The last few days for Imps fans have revolved around the draw against York City and the ticketing for the FA Cup game at Arsenal next week, but two pieces of news that haven’t overly been discussed are two stories that revolve around money, more specifically, Leyton Orient’s collapse and the demolition of Nene Park, the former ground of Rushden and Diamonds.
Rushden and Diamonds have a very rapid rise through the leagues in the early part of the century, winning promotion to the Football League in 2001 through Brian Talbot and one of the best all-round squads to grace the fourth tier in many years, including players such as Dean Holdsworth, Paul Hall, Onandi Lowe, Paul Underwood and a few that went on to play for City; Richie Hanlon, Rob Duffy and Gary Millers. They won promotion to what is now League One after just two years in League Two, but their time at that level ended pretty quickly as their investors pulled out.
They were relegated back to the non-league in 2006, joining the “five year club” and remained their until Lincoln were relegated in 2011. The clubs would never play each other again though as the club finally succumb to financial pressure and went under. Two of their squad, Alan Power and Sam Smith, would join the Imps soon after.
Kettering soon moved into Nene Park instead, but they too suffered from financial difficulties and would eventually go financially bust as well. Nene Park had been empty ever since Kettering’s demise in 2012. This week it was finally demolished.
Several miles down the road and Leyton Orient are seemingly following in the same fate as Rushden and Kettering. The club were on the verge of the Championship three years ago and were leading 2-0 in their Playoff Final against Rotherham, the Millers equalised and eventually went on to win. Russell Slade left and the club got relegated twelve months later and are now odds-on-favourites to be relegated again and in a statement released this week, they are likely to go into administration soon.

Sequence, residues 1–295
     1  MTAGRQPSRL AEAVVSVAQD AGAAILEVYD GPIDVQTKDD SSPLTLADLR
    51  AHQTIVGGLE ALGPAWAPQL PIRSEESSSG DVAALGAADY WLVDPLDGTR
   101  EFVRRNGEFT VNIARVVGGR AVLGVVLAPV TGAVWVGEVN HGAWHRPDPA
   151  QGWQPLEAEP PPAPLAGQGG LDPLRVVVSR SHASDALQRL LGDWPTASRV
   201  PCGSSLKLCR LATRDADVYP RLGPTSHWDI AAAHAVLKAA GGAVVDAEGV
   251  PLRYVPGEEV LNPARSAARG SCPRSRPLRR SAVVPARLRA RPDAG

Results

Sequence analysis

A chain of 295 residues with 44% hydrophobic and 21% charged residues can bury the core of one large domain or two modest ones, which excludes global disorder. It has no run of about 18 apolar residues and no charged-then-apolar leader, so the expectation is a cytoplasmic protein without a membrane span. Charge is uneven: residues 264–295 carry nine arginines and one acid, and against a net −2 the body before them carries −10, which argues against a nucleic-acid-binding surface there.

They are being taken to court this month to face a winding-up-order, but even if they survive it, it is exceptionally unlikely that the National League will accept the O’s (if they are relegated of course) whilst they’re in administration. The club has accrued a debit of around £12m according to the statement, allegedly because of dodgy dealings from its owner, doing things such as taking out loans in the name of Leyton Orient (again, allegedly). In the space of a few years the club have undone all of the efforts of former owner Barry Hearn in trying to get them up the leagues during the 2000s.
Both are proof that football is a tricky business and you never under-estimate just how valuable a sound financial head is. Ultimately football clubs are a business and sometimes need to be treated as such. This in many ways is why fans sometimes don’t make good owners….but in others it is their biggest strength.
Lincoln’s current chairman, Bob Dorrian, has faced his critics during his near seven year reign in charge of the club. He took over from Steff Wright and has had to deal with relegation, coups trying to oust him (and others) from the board, a march from fans before the home game against Newport in 2011/12 demanding that he leaves recovering from making losses every single year, and taking unsuccessful gambles on some managers. Some of his critics have been somewhat justified at times, but ultimately no-one could ever question that he was trying his best and that he actually cared.
What I think some fans don’t realise is how much Bob has sacrificed to keep this club going, even making decisions that weren’t popular in order to keep the club going, and whilst his decisions have often been far from flawless, we’d have been far worse off without him over the last few years.
Ultimately, regardless of whether you agree with his decisions or not, Bob had made this club financially stable for the first time in years, and that’s before you even take into account the FA Cup prize fund.